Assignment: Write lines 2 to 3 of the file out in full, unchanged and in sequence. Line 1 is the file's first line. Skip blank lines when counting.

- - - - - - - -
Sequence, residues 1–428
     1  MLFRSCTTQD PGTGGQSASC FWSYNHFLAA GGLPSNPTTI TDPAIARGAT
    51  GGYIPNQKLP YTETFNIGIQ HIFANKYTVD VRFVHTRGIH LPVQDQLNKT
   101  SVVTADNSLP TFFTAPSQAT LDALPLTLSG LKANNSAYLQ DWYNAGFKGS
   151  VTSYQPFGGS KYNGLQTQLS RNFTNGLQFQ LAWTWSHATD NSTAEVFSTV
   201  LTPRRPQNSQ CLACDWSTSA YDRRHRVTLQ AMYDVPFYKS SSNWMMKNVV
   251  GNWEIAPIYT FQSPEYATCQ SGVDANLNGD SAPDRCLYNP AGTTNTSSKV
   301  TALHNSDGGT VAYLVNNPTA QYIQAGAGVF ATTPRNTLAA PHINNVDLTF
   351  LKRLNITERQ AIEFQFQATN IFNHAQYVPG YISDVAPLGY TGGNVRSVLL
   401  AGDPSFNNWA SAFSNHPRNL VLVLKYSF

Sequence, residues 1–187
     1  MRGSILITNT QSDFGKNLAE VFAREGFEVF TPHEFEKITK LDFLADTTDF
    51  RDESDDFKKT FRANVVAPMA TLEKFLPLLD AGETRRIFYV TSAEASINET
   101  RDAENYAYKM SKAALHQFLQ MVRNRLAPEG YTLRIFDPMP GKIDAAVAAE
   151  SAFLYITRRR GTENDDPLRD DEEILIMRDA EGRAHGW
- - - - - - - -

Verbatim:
     1  MLFRSCTTQD PGTGGQSASC FWSYNHFLAA GGLPSNPTTI TDPAIARGAT
    51  GGYIPNQKLP YTETFNIGIQ HIFANKYTVD VRFVHTRGIH LPVQDQLNKT